# Decomposing Numbers – Why We Teach This in Kindergarten

**Decomposing numbers** means to break down numbers into their sub-parts. **Common Core **standards has kindergarten students decomposing numbers in two ways.

The first is to decompose numbers into their tens and ones (focus on numbers 11-19) and the second is to show how any number 1-10 can be created using a variety of addends.

I want to focus with you on the NBT.1 Common Core standard which addresses the tens and ones (or place value) aspect of breaking and creating numbers.

Let’s look at:

- how it develops
- how we can practice regularly
- how we extend it for our advanced or accelerated kinders

Since there is so much to cover – I’ve broken it down into three parts. This is part 1 – why would we teach this standard in kindergarten and why do I even talk about it so much on this blog?

## Understanding decomposing/composing numbers as teachers

Okay teachers – let’s break it down. There are two main pieces of this standard:

- The first is using objects and words to show that teen numbers have a group of ten and some ones.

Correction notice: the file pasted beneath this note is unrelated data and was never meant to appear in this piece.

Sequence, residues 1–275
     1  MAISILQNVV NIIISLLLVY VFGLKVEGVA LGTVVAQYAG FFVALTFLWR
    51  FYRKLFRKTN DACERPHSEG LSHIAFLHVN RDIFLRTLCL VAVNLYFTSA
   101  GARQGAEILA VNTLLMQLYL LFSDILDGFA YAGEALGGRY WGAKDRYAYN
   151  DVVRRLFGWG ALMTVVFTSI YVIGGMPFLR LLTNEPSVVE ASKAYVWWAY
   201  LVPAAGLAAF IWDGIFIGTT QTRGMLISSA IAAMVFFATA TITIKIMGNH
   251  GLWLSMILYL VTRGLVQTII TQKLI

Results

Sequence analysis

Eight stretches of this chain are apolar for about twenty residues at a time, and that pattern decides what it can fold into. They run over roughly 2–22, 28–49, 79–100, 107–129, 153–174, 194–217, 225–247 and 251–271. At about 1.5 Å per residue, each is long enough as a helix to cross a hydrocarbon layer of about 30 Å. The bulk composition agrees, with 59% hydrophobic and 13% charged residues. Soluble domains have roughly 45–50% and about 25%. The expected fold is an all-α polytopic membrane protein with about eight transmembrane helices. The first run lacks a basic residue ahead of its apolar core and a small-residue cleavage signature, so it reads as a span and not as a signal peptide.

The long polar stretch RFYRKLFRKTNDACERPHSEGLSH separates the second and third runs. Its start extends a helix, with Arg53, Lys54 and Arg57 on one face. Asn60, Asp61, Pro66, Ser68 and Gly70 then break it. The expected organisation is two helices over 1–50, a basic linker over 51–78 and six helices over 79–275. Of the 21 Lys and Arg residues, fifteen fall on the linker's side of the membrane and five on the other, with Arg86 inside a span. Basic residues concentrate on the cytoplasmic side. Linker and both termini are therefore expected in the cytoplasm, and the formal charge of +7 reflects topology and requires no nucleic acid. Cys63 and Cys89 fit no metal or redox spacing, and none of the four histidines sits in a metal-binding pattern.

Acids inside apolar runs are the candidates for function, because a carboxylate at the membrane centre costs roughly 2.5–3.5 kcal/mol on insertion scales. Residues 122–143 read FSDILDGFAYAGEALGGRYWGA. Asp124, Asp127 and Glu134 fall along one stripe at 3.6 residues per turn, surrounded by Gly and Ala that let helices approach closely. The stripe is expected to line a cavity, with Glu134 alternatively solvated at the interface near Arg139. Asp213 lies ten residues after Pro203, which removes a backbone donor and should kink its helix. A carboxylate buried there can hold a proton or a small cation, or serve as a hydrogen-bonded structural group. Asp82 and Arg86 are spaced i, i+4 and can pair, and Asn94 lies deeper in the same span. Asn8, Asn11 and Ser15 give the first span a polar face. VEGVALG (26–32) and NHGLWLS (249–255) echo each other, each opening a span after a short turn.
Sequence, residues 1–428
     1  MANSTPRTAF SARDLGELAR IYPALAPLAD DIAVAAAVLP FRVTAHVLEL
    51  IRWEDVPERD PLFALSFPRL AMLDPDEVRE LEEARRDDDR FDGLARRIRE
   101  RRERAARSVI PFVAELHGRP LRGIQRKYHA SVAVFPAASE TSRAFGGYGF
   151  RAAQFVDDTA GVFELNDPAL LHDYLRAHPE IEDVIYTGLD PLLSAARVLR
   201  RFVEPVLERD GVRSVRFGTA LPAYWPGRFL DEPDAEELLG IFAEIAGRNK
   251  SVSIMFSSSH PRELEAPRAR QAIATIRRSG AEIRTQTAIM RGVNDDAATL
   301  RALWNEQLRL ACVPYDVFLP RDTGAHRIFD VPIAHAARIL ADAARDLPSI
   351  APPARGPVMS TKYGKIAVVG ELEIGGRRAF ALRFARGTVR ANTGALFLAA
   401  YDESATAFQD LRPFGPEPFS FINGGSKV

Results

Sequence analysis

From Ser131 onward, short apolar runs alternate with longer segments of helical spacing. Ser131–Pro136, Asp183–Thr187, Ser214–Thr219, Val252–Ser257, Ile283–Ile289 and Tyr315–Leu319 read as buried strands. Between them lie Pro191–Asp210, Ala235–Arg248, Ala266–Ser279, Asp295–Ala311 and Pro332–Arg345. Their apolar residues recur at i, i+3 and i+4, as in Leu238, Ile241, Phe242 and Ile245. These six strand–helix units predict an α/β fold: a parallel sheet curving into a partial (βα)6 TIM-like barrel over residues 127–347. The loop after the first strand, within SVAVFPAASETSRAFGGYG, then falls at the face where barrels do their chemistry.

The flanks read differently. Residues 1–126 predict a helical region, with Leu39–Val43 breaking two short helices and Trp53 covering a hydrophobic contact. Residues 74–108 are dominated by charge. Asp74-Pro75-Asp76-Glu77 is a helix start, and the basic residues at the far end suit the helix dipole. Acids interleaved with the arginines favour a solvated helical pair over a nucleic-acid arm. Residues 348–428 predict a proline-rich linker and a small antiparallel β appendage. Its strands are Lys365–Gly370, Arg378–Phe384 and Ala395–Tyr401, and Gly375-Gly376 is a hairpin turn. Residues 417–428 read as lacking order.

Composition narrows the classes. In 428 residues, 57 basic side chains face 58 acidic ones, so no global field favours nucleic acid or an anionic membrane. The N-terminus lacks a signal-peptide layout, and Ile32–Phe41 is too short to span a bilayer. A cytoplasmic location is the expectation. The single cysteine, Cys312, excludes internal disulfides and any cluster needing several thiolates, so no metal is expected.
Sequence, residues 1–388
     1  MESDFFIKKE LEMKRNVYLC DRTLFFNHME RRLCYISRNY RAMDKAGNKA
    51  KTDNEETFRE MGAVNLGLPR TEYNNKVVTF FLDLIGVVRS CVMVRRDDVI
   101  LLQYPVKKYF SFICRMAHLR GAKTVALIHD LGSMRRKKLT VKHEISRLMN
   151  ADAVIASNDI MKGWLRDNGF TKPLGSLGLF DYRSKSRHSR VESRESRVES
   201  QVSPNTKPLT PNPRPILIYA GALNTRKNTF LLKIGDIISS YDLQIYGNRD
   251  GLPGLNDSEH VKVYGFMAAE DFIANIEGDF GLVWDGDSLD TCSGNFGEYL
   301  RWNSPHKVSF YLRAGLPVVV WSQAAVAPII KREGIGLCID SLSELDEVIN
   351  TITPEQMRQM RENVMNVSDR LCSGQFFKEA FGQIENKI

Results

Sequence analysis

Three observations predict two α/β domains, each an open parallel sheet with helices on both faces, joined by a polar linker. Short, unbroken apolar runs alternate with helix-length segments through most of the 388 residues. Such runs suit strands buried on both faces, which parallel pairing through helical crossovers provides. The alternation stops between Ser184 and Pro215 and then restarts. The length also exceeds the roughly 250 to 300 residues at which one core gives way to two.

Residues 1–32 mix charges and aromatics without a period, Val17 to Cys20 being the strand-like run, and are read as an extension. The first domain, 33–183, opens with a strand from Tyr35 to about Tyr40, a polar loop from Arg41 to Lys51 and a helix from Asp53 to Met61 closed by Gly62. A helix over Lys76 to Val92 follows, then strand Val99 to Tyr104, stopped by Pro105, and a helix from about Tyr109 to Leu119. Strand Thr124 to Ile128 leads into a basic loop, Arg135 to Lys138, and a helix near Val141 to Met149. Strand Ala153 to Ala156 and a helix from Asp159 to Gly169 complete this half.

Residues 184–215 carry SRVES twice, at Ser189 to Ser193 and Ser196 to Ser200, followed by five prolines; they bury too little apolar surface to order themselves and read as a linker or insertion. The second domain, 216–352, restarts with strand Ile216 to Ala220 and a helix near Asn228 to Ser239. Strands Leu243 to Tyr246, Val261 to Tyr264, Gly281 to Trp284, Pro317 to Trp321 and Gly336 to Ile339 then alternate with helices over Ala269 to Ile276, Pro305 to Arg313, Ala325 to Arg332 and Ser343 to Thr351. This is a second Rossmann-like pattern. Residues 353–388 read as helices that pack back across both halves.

- The second is expressing this break down using equations.

When I first came across this standard, I was confused and felt like I truly didn’t understand the value in teaching it. Little did I know what I’d find when teaching it daily in our calendar routine and small group math lessons.

## Why do we expect them to decompose and compose numbers?

{And why do I keep writing about it?}

Let’s look long term. The simple answer is because *there is value* in students being able to see the groupings, relationships and patterns in numbers. We are laying the foundation for students to be able to eventually solve 53+12 and see that they can manipulate it:

50+15

or 60+5

or 50+10+3+2

or any other variety of ways to see the quantity as it *makes sense to them*.

Now that’s the bigger picture and carries us into older grade level Common Core standards… so lets bring it back down to our kindergarten level.

We are working on understanding that numbers 11-19 have a group of ten and then ones.

Seeing **numbers broken down into a pattern** of their groupings of tens and then the addition of some ones **makes these numbers palatable and simple**.

Learning how to compose and decompose numbers this way gives them a “visual” {especially if you are representing with ten frames} to what 6, 16** **or 67 really looks like and is.

## Connecting the visual and the number

The cool thing is that by teaching this foundation of how to compose and decompose numbers 11-19 (and beyond) into their groups of tens and ones – they begin to actually understand why 16 has a one and then a six.

When this clicks, they get so excited that they can’t wait to see if their new understanding applies to “bigger numbers.” And when they begin working on numbers to 99, there is some serious magic that happens.

Basically, this standard is huge!